bring you a glass (!) with a
"cheapest-tea-availible-on-the-market-but-at-least-with-a-'brand-name'-on-it-tea-bag"
(and German tea bags are the worst in the world!), ducked into a kind
of warm water (of course, it is not hot). I never saw someone ordering
a coffee and getting a spoon with instant coffee and nearly cold
water; no, they always serve just a decent cup of coffee, and the
coffee is always hot, made freshly from grind coffe in a coffee- or
espresso-machine. BTW a glass of cheap tea bag tea costs the same as a
cup of coffee! So, they give a crap, when you ask just for hot water
(even if it isn't hot). And even at the university caffeteriea you
have to pay the full price only for hot water, whether you take one of
their non-brand-chepest-crap-of-tea tea bags with it or not (there is
a special big sign which tells all customers (mostly students) this
fact!)! And the coffeteria is just paid by the students with an extra
fee they have to pay for it every semester.

Well, let's go back to tea and dining out. Mostly, you can get a
decent Jasmine-Tea at Chinese restaurants (served traditionally in a
chinese tea pot of 0,5 litres and refilled with really warm water
every time you ask for without extra costs). Some also offer a quite
nice Keemun (which I prefer after dinner, instead of an espresso).
There are also turkish or arabic restaurants where a very very sweet
but decent Ceylon tea is served in small, tiny glasses (personally, I
don't like it very much). Intersesting enough, it is obvious, that you
can't get a decent cuppa in Indian restaurants...

From the US I heard by some friends, that the Barnes & Nobles coffee
shops offer a small variety of decent teas.

But over all, we are forced to drink water or somethong else than tea
when dining out :-(.


Dieter
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Old 19-01-2004, 02:58 PM
J Boehm
 
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Default Tea and Dining out


But over all, we are forced to drink water or somethong else than tea
when dining out :-(.


Dieter


I have to agree with Dieter, German restaurant tea is an offence and a
rip-off. The best tea I had was at a Lufthansa lounge where they have very
good teabags and boiling hot water. The other good tea I had was at a
motorway stop in Bavaria (but only one such place up to now).
My solution to the dilemma is not to drink tea in Restaurants anymore.

JB


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Old 19-01-2004, 08:12 PM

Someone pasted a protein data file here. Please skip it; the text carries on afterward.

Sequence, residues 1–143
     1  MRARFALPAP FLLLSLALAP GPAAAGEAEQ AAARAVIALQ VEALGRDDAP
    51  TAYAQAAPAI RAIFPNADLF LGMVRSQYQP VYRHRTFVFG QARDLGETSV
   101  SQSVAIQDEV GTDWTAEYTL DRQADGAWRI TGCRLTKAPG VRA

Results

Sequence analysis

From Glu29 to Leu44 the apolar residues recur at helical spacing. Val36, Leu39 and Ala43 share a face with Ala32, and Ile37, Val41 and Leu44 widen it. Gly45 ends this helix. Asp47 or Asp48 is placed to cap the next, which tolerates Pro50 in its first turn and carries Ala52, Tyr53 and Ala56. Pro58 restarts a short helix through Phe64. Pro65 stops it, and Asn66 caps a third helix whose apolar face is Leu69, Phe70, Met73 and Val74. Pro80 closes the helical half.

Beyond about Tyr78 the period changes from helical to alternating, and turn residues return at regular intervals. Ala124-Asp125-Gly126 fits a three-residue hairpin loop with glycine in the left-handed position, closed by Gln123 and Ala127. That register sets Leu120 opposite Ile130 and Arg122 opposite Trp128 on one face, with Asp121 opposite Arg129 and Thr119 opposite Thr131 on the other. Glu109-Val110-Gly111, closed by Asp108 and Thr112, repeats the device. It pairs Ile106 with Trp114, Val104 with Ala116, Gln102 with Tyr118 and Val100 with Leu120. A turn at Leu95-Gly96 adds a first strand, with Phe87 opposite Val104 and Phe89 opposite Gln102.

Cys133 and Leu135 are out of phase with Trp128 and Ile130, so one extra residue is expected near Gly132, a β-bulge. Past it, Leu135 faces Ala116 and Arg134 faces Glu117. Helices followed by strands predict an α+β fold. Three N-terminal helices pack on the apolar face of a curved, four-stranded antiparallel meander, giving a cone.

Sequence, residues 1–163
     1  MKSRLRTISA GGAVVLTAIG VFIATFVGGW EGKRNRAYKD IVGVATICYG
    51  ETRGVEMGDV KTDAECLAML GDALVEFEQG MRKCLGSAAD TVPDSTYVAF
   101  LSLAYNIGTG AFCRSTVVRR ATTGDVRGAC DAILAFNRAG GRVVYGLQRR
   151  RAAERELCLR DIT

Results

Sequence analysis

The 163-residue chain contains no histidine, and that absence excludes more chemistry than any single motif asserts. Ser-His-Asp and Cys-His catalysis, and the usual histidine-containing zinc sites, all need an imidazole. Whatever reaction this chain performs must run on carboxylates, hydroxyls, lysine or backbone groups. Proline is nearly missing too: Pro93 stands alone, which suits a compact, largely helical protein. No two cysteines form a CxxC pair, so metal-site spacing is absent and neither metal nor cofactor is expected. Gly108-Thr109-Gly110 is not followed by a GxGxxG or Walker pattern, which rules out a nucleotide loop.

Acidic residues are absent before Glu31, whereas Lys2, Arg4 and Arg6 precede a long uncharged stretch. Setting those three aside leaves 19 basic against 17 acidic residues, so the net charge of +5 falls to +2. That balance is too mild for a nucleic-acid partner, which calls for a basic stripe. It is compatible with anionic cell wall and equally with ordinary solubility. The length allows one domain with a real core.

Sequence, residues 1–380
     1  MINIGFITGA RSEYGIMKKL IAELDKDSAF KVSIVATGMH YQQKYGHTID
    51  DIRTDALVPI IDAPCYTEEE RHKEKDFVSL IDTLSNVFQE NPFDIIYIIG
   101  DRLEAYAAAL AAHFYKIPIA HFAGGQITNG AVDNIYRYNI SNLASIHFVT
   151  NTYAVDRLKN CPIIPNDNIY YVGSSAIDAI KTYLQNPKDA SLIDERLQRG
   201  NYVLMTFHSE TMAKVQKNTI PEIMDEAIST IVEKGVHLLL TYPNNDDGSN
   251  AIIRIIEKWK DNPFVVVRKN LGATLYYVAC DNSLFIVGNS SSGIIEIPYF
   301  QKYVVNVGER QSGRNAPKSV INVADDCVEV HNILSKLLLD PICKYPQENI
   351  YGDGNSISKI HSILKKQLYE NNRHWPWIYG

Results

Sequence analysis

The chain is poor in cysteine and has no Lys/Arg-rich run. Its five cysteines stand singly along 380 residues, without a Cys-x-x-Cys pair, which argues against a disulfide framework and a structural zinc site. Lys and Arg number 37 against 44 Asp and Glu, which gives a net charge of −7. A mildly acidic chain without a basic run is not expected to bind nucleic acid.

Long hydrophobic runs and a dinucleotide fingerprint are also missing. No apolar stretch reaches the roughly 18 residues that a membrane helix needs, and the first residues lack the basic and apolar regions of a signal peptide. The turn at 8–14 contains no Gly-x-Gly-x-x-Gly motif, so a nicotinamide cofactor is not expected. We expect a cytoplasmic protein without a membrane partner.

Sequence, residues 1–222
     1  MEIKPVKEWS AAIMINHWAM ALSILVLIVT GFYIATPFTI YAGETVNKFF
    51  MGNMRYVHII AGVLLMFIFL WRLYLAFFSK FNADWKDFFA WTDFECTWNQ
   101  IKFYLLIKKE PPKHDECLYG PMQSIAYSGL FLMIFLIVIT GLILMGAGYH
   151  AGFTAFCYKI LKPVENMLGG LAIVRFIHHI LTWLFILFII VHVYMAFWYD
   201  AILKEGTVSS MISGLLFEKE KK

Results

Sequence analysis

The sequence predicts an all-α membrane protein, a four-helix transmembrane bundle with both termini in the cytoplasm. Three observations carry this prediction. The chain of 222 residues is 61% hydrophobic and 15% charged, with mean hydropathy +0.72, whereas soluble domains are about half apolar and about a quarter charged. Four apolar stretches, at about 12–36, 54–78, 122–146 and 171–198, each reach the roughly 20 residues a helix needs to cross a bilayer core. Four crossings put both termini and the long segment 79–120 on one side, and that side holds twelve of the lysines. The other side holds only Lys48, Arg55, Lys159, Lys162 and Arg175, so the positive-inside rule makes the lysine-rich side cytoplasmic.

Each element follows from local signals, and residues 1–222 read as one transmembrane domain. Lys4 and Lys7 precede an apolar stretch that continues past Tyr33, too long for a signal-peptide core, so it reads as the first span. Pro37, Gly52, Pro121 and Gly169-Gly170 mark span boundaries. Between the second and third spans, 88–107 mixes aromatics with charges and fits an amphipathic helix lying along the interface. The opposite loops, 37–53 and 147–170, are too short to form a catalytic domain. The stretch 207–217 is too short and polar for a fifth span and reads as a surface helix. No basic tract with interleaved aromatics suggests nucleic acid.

Joseph Kubera
 
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Default Tea and Dining out

Hello, Seby, and welcome.

Outside of a genuine tea-house it is still true that the best tea in a
restaurant is the tea you bring yourself.

I live in New York City, and here many places, even delis, have a variety of
bagged tea (black, green, flavored). At least it is not all just black tea
anymore. However, it is still no better than poor-to-average.

I have had good success being served hot water when I bring my own tea. The
trick is remembering to bring along the tea when I go out.

Joe


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Old 21-01-2004, 01:54 AM
Warren C. Liebold
 
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Default Tea and Dining out


"seby1689" wrote

I can't exactly bring my mesh ball with loose leaves and tell the
server to bour boiling water over it. I am pretty sure that they'd
give me a weird look and tell me they couldn't do that for me.


Just another voice saying, "Yes you can."

The worst that will happen is that you'll end up paying for the hot water
and if you have to do that, remember that most of the cost of a cup of tea
at an eatery of any kind is labor and overhead. The tea bag, even if it's a
rather good tea bag, only amounts to a modest portion of the total cost.

I've carried tea balls or loose bags on Amtrak trains, into various
restaurants, and into my agency's commissary.

Although I've never done it in a really classy restaurant, which I don't
frequent in any case, I've never had a problem.

And except for a nice little place in Amherst, MA I've almost never been to
a restaurant (other than an actual tea house) which served tea as loose tea.